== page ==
6 Steps to a Successful and Stress-free Back to (Home)School

Mother helping daughter with homework
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Whether you're getting back to homeschool after a summer break or starting for the first time, the first few weeks can be an adjustment for both the students and the teaching parent. Try these tips for a successful start to homeschooling this year.

1. Don’t start all subjects at once.

Every year I advise new (and sometimes veteran) homeschooling parents not to jump into every school subject at once.

After several weeks off their school routine, students (and their parent-teacher) need some time to adjust to routine again. That’s why most of the public schools in our area typically start the new school year midweek. Doing so gives teachers and students time to acclimate to their school schedule.

We like to start with a mix of light and heavy core subjects and something fun. For us, that might mean something like language arts (light), science (a little heavy, but not as mentally taxing as math), reading, and art. 

When my kids were younger, we added a subject or two a week until they were working at a full load. Now that my final two students are both teens, we’re usually at a full load by the second or third full week of school with the exception of electives. I usually don’t add those into our schedule until September when all of my kids' friends, public and homeschooled, are back in school and our schedules are more predictable.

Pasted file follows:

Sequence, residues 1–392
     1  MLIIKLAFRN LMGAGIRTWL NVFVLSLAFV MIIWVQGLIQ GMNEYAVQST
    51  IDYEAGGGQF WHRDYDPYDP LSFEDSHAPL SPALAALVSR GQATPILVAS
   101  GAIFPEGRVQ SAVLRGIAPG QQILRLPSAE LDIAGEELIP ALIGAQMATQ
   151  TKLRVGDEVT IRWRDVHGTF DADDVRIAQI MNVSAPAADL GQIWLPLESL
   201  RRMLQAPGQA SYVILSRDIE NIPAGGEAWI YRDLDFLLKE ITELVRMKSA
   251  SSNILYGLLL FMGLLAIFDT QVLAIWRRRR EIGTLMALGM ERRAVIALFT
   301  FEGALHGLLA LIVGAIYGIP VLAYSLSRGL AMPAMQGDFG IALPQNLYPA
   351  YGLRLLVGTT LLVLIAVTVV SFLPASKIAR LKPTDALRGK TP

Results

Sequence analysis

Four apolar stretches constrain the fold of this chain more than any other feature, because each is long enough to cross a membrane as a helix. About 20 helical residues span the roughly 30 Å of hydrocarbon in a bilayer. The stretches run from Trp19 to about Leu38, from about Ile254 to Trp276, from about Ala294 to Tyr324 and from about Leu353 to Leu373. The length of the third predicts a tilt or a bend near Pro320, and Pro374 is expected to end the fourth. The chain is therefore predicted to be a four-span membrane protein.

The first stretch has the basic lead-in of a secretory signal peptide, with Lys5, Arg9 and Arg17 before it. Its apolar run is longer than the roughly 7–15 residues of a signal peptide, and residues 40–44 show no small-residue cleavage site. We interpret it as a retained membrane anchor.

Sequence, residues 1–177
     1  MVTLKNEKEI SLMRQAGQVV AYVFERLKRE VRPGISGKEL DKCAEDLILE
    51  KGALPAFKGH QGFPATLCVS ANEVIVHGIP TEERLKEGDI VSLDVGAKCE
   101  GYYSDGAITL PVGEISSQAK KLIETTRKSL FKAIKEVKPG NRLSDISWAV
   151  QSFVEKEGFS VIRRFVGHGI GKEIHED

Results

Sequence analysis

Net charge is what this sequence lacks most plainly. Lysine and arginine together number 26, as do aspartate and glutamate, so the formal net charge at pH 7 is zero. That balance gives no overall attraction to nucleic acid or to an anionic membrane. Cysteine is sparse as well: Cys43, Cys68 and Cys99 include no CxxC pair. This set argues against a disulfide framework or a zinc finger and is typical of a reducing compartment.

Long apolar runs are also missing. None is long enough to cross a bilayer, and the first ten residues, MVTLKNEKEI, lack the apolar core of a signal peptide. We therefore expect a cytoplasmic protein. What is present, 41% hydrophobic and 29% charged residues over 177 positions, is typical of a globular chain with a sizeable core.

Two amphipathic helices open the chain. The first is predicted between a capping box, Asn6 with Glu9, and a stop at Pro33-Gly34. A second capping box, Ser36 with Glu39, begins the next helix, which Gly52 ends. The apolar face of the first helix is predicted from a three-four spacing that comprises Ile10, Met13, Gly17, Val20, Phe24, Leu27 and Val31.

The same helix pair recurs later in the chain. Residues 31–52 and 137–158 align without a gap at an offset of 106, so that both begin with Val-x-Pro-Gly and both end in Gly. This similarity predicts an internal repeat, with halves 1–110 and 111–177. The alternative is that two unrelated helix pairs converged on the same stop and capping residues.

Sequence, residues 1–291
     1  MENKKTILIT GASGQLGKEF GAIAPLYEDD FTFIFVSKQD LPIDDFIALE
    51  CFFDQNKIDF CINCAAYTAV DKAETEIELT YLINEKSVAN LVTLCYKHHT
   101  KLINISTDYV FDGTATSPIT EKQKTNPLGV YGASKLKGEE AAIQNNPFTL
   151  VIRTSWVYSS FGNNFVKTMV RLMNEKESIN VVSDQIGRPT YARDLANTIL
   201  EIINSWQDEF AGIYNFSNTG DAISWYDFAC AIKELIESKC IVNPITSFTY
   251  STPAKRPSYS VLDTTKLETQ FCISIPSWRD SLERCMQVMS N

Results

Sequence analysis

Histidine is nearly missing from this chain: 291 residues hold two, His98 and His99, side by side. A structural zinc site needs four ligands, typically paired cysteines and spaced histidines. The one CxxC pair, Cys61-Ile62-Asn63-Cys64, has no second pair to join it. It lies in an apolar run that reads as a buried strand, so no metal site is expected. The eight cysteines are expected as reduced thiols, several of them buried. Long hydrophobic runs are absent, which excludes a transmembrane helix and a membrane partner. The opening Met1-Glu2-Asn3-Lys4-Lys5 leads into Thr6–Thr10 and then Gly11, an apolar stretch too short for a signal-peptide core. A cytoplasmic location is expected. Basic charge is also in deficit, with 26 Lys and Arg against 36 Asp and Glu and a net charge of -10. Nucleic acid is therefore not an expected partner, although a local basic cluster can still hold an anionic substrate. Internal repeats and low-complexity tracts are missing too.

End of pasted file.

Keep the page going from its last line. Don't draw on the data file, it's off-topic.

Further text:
2. Plan an outing with your homeschool group.

One of the redeeming qualities of back-to-school time for most kids is seeing their friends again. Homeschooled kids needn’t be any different. Plan a fun back-to-school bash with your homeschool group. If you’re a veteran homeschool mom, make an extra effort to find and include new homeschooling parents.

If you’re a new homeschooling family, be willing to step out of your comfort zone in order to help you and your kids find homeschooled friends. Check your local support group newsletter or website for upcoming events and go. Introduce yourself and your children. Many new homeschooling families assume that everyone in the group knows everyone else. While that can be true, it’s just as possible that you’ll find yourself sitting among a group of families who are all new the group just like you.

3. Cut everyone a little slack.

Because the start of a new school year is a readjustment for everyone, allow for some bumps in the road the first few days. Despite what some homeschool moms would lead you to believe, not all kids (or their parents!) are excited about getting back to formal learning.

I’m not suggesting that parents tolerate poor behavior, but don’t lose sight of the fact that readjusting to a school routine may take some time. There may be tears, grumbling, and bad attitudes – and not necessarily from the kids!

If you’re a brand-new homeschooling parent whose children have previously been in public or private school, don’t take it personally if they compare your teaching style to their former teachers or your homeschool to their public or private school experience.

That is all part of transitioning from public (or private) school to homeschool.

4. Don’t stress if everything isn’t in order.

It will also be a much less stressful back-to-homeschool week if you don’t get frazzled if (or, more likely, when) that idyllic vision of the first day (or week) of school doesn't play out exactly as you'd imagined. A highly organized person might tell you to plan far in advance to insure that everything is in order. However, as a veteran homeschooling mom, I’m going to tell you that even with the best planning some things are just out of your control.